Getting past the barriersMarch 1, 2017
Free Webinar on Channel Response to Dam Removal Sediment Release, 25th April 2017April 11, 2017
Dams on Nalon-Narcea basin as case study from Asturias-Spain by University of Oviedo
Asturias (43°20′0″N; 6°0′0″W), in the northwest of the Iberian Peninsula (south Bay of Biscay), is a succession of mountains and valleys watered by short steep rivers. There are 8 small river basins throughout the region. The climate, landscape and ecosystem are similar to those of other temperate Atlantic European regions but with slightly warmer temperatures corresponding to relatively lower latitude. One of the most fragmented by dams and reservoirs is the Nalon-Narcea basin (Fig.1) where one of the AMBER case studies in the Iberian Peninsula is located, conducted by the University of Oviedo (Asturias-Spain).
The Nalon-Narcea hydrographic basin runs through the Asturias central zone. Nalon River, 145 kilometers long and average flow of 55.2 m3/s, and Narcea River, 97 km long and average flow of 43.4 m3/s contain in total seven dams and reservoirs. Main reservoirs’ uses are water supply and the generation of electric power, plus recreational fishing. Several dams are impassable and have no fish ladders so the rivers are fragmented and the ecosystem continuity is interrupted.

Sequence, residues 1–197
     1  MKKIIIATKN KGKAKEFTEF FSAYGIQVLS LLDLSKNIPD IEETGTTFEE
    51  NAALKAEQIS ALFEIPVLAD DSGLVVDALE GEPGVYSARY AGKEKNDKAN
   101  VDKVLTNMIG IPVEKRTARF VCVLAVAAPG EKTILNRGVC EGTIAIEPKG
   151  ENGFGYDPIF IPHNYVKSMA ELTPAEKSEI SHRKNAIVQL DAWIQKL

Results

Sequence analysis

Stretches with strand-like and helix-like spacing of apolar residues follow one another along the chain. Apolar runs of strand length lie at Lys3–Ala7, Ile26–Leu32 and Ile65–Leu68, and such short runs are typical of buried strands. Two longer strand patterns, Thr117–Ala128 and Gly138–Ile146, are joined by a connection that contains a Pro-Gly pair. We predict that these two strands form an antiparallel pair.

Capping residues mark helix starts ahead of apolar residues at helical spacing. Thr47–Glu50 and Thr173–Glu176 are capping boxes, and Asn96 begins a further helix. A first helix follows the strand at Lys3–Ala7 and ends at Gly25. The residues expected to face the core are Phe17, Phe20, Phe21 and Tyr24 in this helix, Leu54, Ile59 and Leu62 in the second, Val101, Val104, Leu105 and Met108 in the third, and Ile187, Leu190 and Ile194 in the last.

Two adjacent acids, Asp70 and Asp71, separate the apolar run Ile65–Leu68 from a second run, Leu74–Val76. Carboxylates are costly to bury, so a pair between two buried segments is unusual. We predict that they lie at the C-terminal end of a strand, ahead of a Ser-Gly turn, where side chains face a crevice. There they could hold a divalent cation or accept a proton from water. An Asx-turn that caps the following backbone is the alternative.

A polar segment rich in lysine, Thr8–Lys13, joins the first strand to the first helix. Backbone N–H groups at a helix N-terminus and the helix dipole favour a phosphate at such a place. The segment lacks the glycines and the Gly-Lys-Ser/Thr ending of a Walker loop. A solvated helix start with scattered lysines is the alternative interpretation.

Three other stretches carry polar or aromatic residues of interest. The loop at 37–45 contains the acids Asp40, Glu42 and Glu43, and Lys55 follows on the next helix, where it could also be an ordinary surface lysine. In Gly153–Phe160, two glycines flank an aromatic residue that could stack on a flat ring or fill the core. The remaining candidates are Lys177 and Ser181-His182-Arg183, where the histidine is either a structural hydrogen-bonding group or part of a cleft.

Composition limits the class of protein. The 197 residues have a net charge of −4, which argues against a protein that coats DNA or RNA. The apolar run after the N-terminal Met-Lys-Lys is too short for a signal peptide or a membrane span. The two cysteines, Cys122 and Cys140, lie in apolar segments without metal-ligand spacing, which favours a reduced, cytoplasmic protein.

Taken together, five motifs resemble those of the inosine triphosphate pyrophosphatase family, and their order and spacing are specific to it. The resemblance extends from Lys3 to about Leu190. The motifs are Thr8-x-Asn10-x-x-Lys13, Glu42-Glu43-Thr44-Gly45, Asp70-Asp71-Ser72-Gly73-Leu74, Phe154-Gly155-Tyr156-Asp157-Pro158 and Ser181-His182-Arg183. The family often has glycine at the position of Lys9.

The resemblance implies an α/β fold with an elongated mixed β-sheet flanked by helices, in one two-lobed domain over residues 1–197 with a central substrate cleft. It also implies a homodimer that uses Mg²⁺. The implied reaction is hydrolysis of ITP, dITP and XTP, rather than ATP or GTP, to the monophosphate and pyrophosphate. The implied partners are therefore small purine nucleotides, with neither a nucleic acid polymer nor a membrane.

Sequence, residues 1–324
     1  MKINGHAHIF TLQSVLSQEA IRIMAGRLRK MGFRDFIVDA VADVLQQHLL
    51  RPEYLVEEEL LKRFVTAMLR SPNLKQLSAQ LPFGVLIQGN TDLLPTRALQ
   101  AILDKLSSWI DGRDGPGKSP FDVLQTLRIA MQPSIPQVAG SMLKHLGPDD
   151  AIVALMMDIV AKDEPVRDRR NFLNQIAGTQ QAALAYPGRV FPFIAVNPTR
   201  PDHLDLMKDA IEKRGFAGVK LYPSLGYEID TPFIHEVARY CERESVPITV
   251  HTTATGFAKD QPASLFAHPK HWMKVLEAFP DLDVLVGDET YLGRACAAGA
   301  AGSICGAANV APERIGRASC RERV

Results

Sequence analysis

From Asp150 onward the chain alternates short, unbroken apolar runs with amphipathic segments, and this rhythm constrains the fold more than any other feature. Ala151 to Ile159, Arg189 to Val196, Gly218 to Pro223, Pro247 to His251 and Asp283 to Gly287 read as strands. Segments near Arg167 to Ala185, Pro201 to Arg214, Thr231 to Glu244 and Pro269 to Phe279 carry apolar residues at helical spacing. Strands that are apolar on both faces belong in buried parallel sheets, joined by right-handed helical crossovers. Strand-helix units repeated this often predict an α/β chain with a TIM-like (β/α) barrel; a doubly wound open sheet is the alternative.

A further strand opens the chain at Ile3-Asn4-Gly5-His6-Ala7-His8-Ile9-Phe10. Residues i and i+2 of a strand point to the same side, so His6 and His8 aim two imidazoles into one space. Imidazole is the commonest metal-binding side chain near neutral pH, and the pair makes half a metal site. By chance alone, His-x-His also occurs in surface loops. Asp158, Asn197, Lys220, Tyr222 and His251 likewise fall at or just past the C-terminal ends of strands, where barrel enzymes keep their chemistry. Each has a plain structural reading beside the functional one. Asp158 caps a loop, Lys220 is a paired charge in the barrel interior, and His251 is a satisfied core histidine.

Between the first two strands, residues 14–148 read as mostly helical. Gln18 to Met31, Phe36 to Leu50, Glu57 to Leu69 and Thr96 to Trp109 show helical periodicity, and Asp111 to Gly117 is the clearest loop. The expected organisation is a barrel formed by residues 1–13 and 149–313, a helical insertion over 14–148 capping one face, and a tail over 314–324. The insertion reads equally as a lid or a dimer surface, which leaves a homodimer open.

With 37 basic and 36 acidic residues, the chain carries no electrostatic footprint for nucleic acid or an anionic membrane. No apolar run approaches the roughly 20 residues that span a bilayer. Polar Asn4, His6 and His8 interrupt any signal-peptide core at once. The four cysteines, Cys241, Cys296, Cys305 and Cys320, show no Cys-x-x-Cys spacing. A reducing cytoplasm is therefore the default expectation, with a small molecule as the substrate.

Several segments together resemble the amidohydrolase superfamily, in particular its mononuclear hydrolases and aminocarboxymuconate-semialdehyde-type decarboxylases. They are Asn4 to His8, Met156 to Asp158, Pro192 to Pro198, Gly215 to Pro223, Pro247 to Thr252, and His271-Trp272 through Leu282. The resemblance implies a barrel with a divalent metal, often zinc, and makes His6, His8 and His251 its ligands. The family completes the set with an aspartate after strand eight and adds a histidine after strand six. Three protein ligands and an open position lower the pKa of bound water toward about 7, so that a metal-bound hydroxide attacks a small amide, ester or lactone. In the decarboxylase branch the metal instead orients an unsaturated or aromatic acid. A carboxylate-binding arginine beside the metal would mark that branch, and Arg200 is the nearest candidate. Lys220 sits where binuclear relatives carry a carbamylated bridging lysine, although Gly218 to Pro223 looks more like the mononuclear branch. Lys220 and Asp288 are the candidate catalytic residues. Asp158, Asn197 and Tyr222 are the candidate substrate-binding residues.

Figure 1: Case study in Nalon-Narcea basin (43°33′53″N 6°04′36″W; 43°28′27″N 6°06′25″W).
Head >1,600m altitude. Average flow 55-43 m3/s.
In AMBER’s Nalon River case study we will analyze the upstream area of this hydrographic basin and two reservoirs occurring therein: Tanes and Rioseco (http://www.embalses.net/pantano-773-tanes-rioseco.html
, accessed February 2017). The two reservoirs are interconnected and water is pumped from Rioseco to Tanes during the night while it passes down (Tanes to Rioseco) during the day to produce energy. The turbulences produced by these connections impede the use of the two reservoirs for swimming and navigation activities. The uppermost zone is located within the UNESCO (United Nations Educational, Scientific and Cultural Organization) Biosphere Reserve and Natural Park of Redes. With a rich faunal diversity, the ecosystem is dominated by well-conserved forest. More than 9000 hectares of beech (Fagus sylvatica) with oak (Quercus robur), holly (Ilex aquifolium) and yew-tree (Taxus baccata). Among the fauna inhabiting the reservoirs of the Upper Nalon, we find many amphibians –most of them protected- like the common toad (Bufo bufo), the midwife toad (Alytes obstetricans), the green frog (Rana perezi), the Alpine newt (Triturus alpestris), the Iberian newt (Triturus boscai), the fire salamander (Salamandra salamandra) and the Gold-striped salamander (Chioglossa lusitanica). There is a large and diverse group of aquatic invertebrates that are the basis of the trophic chain of this ecosystem. In the top of the chain there are otters (Lutra lutra), and just below the top, the waters of the Nalon-Narcea rivers are populated by two native salmonid fish: brown trout (Salmo trutta) and Atlantic salmon (Salmo salar); however, Atlantic salmon cannot reach upstream areas due to the impassable dams, thus only natural populations of brown trout occur in the case study zone. As native fish there are also a few European eels (Anguilla anguilla), coming from occasional stocking because as Atlantic salmon this migratory species cannot pass the river dams.